I have accepted a position as a Research Archaeologist at the Illinois State Archaeological Survey starting in September. I'll write more about that after we get settled in Champaign-Urbana.
Deciding to leave South Carolina was neither simple nor easy. We've been here since the summer of 2015 and my wife and I have made significant personal and professional connections that we will miss. We love the kids' school, and it is a tough call to uproot them from everything that's familiar.
There are a lot of things about this place that I enjoy and will miss. I have several good colleagues at SCIAA and have really enjoyed working with students in the classroom and at field school. The archaeology here is fantastic and has been very good to me, as have those that have helped me with that archaeology along the way. The winter weather is great. The diversity of bird, insect, and reptile life is beautiful, as are the various cultural and natural landscapes of the state. I will miss being able to take day trips to the beach. I will miss the Columbia art scene which helped me turn a pastime into an emotionally satisfying and economically rewarding pursuit. I will miss all the good people that I've met, talked with, and worked with here: there are a lot.
But there are also a lot of things that I won't be sad to leave behind. First among them is the ridiculous political culture of this state: often corrupt, often mean, and in my opinion a great disservice to many of the citizens of South Carolina. The legacy of white supremacy upon which this state was founded continues to weigh the state down: look up state rankings for education, domestic violence, violence against women, etc. South Carolina's position is directly related to its history and culture, and many of its citizens in positions of power don't seem to be in any big hurry to work toward improvement. It appears to me, in fact, that the opposite is true. The conservative elements here would like to further roll back protections for those in our society that are already vulnerable: people of color, the poor, the LGBTQ community, etc.. That's a shame, and it's a real turn off to those of us that value diversity, equity, and inclusion.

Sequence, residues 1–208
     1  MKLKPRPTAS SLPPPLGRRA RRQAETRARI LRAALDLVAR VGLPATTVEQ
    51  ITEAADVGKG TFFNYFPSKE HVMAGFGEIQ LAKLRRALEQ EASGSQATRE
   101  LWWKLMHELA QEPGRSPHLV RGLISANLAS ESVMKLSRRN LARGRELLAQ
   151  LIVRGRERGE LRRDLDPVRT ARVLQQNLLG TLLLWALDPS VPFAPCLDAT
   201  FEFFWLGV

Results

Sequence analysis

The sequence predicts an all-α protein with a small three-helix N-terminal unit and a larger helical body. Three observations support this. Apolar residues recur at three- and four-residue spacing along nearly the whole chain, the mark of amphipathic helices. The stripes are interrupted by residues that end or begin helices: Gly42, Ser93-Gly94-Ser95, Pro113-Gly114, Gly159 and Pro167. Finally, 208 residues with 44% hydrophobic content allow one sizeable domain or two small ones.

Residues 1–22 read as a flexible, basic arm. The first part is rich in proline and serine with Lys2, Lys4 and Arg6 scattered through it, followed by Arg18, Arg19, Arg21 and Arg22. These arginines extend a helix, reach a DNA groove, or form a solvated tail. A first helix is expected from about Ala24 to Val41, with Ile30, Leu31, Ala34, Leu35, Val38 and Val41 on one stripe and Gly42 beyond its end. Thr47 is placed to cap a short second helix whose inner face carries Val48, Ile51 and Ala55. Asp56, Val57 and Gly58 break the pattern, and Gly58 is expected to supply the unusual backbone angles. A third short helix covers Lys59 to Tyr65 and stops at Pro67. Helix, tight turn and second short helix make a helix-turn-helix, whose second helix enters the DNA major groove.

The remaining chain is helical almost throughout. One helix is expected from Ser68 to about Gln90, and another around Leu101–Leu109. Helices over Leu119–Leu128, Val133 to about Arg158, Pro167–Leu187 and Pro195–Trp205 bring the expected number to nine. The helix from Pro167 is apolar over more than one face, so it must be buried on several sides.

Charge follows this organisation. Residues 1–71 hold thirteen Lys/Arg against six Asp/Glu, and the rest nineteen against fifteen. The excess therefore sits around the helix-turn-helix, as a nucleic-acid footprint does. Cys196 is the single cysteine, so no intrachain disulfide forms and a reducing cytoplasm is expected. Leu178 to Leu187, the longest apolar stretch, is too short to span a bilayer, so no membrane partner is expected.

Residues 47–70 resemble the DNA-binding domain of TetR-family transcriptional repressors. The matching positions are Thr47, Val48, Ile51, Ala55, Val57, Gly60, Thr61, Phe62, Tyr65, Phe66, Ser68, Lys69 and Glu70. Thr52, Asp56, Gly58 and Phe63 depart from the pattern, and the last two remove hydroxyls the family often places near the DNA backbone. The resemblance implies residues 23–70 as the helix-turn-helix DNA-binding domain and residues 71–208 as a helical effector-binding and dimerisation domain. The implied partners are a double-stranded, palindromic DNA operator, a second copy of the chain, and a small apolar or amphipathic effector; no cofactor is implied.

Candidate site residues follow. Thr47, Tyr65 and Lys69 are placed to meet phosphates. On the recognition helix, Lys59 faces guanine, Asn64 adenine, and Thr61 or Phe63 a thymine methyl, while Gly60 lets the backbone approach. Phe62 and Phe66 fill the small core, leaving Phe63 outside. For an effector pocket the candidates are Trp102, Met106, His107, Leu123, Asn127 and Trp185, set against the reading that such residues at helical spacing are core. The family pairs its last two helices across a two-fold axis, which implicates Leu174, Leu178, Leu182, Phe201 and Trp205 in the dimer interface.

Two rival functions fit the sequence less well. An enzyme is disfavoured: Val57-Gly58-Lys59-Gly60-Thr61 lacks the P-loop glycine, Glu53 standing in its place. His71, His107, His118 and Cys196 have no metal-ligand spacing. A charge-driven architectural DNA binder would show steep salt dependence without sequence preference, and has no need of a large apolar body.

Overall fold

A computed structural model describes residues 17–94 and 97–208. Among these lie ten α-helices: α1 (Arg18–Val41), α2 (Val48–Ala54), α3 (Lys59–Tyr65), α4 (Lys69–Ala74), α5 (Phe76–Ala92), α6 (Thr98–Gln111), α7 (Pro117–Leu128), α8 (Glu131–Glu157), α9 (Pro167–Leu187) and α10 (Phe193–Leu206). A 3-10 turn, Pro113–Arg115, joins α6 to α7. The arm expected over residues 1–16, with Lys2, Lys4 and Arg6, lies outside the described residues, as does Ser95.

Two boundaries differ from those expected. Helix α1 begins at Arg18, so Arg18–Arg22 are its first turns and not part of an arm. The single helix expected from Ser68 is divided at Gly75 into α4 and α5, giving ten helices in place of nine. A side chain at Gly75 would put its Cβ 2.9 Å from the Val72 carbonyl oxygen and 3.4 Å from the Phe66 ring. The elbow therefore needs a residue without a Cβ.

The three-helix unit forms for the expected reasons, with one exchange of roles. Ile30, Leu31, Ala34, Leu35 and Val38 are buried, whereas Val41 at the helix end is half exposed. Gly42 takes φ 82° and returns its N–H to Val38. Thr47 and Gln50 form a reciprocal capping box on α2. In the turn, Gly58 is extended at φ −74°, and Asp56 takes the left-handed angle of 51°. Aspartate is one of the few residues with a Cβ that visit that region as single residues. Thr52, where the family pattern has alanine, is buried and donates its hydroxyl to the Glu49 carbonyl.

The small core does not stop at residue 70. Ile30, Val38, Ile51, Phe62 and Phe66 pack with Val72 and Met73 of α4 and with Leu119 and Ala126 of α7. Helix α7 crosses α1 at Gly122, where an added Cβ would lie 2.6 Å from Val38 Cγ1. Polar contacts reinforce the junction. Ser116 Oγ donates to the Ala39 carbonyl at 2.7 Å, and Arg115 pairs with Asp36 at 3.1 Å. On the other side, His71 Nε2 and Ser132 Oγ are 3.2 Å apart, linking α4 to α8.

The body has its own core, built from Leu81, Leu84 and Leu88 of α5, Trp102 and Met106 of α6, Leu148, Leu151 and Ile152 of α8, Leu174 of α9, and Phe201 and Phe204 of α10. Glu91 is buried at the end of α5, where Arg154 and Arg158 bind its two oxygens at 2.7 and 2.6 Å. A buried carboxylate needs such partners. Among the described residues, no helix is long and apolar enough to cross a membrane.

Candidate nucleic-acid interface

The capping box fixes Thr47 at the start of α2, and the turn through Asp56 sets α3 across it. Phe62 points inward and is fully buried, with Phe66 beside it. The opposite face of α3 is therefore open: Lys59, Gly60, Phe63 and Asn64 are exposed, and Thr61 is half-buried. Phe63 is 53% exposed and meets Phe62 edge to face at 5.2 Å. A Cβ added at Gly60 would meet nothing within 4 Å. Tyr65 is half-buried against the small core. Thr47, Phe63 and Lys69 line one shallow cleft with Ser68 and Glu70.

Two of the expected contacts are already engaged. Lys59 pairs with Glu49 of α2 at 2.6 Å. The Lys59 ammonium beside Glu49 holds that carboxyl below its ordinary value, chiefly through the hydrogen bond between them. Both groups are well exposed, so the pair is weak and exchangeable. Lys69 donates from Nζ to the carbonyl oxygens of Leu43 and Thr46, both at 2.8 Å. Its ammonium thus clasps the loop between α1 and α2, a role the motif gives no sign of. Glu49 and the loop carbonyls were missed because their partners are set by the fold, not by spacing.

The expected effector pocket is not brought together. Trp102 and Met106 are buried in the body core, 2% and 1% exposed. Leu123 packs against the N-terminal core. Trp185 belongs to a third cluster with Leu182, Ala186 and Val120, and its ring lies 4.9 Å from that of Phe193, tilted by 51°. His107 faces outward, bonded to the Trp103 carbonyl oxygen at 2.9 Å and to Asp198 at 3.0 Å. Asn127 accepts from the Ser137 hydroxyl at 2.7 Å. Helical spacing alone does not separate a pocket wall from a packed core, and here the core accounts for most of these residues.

I won't go into a long explanation of the various personal and professional factors that weighed into our decision. I will just say that this move includes opportunities that were never available to us here and will result in a situation that is better for our family in the long run. Packing up and moving sucks, but it's for the best. I look forward to writing about archaeology and other issues from my new location and with the perspective I have gained from living in the south for five years.